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Members of Hatchetboy 888, a band of Naples High School students, perform during an anti-drug concert after school Wednesday. Lining the stage was a chain of red links with names of students who pledge to be drug-free and tombstones of famous musicians who’ve died because of drugs or alcohol.
Members of Hatchetboy 888, a band of Naples High School students, perform during an anti-drug concert after school Wednesday. Lining the stage was a chain of red links with names of students who pledge to be drug-free and tombstones of famous musicians who’ve died because of drugs or alcohol. (Jason Chudy / S&S)
Members of Hatchetboy 888, a band of Naples High School students, perform during an anti-drug concert after school Wednesday. Lining the stage was a chain of red links with names of students who pledge to be drug-free and tombstones of famous musicians who’ve died because of drugs or alcohol.
Members of Hatchetboy 888, a band of Naples High School students, perform during an anti-drug concert after school Wednesday. Lining the stage was a chain of red links with names of students who pledge to be drug-free and tombstones of famous musicians who’ve died because of drugs or alcohol. (Jason Chudy / S&S)
Pupils at Naval Station Rota, Spain, show off their ribbons Wednesday as part of Red Ribbon Week at Defense Department schools worldwide. They are, from left, eighth-graders Canaan Jarrard and Alexandra Paredes, and seventh-grader Eva Beidelman.
Pupils at Naval Station Rota, Spain, show off their ribbons Wednesday as part of Red Ribbon Week at Defense Department schools worldwide. They are, from left, eighth-graders Canaan Jarrard and Alexandra Paredes, and seventh-grader Eva Beidelman. (Scott Schonauer / S&S)
Seventh- and eight-graders standing in line at the middle school at Naval Station Rota, Spain, sport their drug-free wristbands Wednesday.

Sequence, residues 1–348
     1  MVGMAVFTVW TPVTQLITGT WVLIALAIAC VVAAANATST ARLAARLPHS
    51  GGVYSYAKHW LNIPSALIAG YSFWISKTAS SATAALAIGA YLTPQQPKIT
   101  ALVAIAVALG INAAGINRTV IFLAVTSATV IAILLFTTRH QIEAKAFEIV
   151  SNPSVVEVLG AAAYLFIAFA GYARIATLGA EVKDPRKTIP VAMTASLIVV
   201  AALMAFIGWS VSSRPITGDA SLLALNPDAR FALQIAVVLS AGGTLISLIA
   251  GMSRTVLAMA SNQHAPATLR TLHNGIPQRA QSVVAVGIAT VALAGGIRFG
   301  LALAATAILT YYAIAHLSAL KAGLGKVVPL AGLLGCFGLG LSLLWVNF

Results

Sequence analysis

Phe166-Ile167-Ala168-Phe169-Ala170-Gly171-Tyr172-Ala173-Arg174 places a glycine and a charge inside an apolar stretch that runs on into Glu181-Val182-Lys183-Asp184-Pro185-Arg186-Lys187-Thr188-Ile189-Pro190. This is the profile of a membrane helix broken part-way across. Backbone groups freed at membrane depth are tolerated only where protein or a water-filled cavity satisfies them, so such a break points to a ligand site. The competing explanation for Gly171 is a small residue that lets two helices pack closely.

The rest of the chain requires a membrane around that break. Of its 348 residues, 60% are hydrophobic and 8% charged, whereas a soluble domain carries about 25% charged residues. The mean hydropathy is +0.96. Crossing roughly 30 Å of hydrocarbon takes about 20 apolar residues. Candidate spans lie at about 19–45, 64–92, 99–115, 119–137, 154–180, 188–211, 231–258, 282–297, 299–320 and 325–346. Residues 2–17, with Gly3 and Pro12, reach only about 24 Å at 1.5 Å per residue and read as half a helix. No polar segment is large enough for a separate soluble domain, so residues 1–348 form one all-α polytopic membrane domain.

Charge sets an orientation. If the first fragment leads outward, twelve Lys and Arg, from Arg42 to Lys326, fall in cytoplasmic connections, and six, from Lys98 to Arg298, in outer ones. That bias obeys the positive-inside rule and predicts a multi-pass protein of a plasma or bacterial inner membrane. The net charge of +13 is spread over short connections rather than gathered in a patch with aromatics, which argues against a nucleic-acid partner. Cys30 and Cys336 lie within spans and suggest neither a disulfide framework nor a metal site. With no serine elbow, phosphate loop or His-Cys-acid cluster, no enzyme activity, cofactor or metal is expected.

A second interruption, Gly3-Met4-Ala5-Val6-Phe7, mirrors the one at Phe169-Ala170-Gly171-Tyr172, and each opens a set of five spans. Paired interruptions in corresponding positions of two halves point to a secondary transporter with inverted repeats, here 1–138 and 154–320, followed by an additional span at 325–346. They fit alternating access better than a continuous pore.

Seventh- and eight-graders standing in line at the middle school at Naval Station Rota, Spain, sport their drug-free wristbands Wednesday. (Scott Schonauer / S&S)

Clothes are worn backward. Healthy meals are being prepared. And the color red is everywhere.

The Department of Defense Dependents Schools in Europe is using such measures to stress the dangers of drug use as part of Red Ribbon Week.

Red Ribbon Week began with a drug-related tragedy. In 1985, a Drug Enforcement Administration special agent, Enrique “Kiki” Camarena, was kidnapped and killed by a drug gang he was investigating. Red ribbons became the way an outraged America showed its feelings.

In 1988, the National Family Partnership adopted the idea as a way to emphasize the danger of drug use. More than 80 million people are taking part in some sort of Red Ribbon Week event.

In Aviano, Italy, students wore red clothes to school on Red Tuesday, with a prize awarded to the student with the most red. At Croughton American School on RAF Croughton, England, the week included “Turn Your Back on Drugs Day,” when students wore their clothes backward.

“We have a different theme every day,” said Trisha Taylor, Croughton school counselor. In addition, the students plan to plant flower bulbs so the schoolyard will blossom with red flowers in the spring.

Other schools are having other events. Alconbury Elementary School at RAF Alconbury, England, was visited Tuesday by McGruff, the Crime Dog.

In Heidelberg, Germany, middle school pupils were being taught how to prepare healthy meals.

Chris Lavin, counselor for Adolescent Substance Abuse Counseling Services at Heidelberg, said a series of events this week stressing fitness and good health shows children that being fit is cooler than using drugs.

Also, a flag-raising ceremony was to be held Wednesday morning in Heidelberg to honor Camarena. Members of the 411th Base Support Battalion military police were volunteering to participate.

The students are excited by the events of Red Ribbon Week. They enjoy special treats such as “Being Drug Free is a Piece of Cake Day” at Aviano, when cakes are brought to classrooms as treats.

But no one thinks one week of anti-drug efforts is enough.

“No one program is going to be 100 percent effective,” said Stan Caldwell, Alconbury Elementary principal. He said the school spends the entire year preaching the message about drug use through programs such as Drug Abuse Resistance Education.

Taylor said, “I think to do things like [Red Ribbon Week] so they can take a message away is good.”

But, she said, it would be an interesting study to see how effective such events are in making the message stick.

Lavin said the week of events reinforces what is taught throughout the year regarding drug abuse.

“I’m always in the classroom [talking about the dangers of drugs],” he said.

“At the elementary level, it’s just another opportunity for us to say what you put in your body matters,” said Kris Kessler, counselor at Aviano Elementary.

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